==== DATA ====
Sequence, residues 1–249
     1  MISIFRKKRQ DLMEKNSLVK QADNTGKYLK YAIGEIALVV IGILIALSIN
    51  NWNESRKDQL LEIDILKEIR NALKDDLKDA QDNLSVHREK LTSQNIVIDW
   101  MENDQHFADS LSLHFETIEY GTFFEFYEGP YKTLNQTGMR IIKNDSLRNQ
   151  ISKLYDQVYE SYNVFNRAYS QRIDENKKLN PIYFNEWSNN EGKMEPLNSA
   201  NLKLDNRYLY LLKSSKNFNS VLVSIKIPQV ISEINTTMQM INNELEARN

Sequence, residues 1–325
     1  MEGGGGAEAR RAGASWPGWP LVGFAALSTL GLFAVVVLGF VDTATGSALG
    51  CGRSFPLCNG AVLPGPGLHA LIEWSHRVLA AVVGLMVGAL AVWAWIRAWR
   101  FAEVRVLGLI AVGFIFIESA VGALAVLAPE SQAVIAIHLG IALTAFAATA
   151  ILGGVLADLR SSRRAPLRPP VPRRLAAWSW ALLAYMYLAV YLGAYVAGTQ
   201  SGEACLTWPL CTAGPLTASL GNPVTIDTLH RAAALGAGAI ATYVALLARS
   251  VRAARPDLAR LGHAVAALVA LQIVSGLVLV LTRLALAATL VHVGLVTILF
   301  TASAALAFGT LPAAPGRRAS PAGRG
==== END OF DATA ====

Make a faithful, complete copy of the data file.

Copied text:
Sequence, residues 1–249
     1  MISIFRKKRQ DLMEKNSLVK QADNTGKYLK YAIGEIALVV IGILIALSIN
    51  NWNESRKDQL LEIDILKEIR NALKDDLKDA QDNLSVHREK LTSQNIVIDW
   101  MENDQHFADS LSLHFETIEY GTFFEFYEGP YKTLNQTGMR IIKNDSLRNQ
   151  ISKLYDQVYE SYNVFNRAYS QRIDENKKLN PIYFNEWSNN EGKMEPLNSA
   201  NLKLDNRYLY LLKSSKNFNS VLVSIKIPQV ISEINTTMQM INNELEARN

Sequence, residues 1–325
     1  MEGGGGAEAR RAGASWPGWP LVGFAALSTL GLFAVVVLGF VDTATGSALG
    51  CGRSFPLCNG AVLPGPGLHA LIEWSHRVLA AVVGLMVGAL AVWAWIRAWR
   101  FAEVRVLGLI AVGFIFIESA VGALAVLAPE SQAVIAIHLG IALTAFAATA
   151  ILGGVLADLR SSRRAPLRPP VPRRLAAWSW ALLAYMYLAV YLGAYVAGTQ
   201  SGEACLTWPL CTAGPLTASL GNPVTIDTLH RAAALGAGAI ATYVALLARS
   251  VRAARPDLAR LGHAVAALVA LQIVSGLVLV LTRLALAATL VHVGLVTILF
   301  TASAALAFGT LPAAPGRRAS PAGRG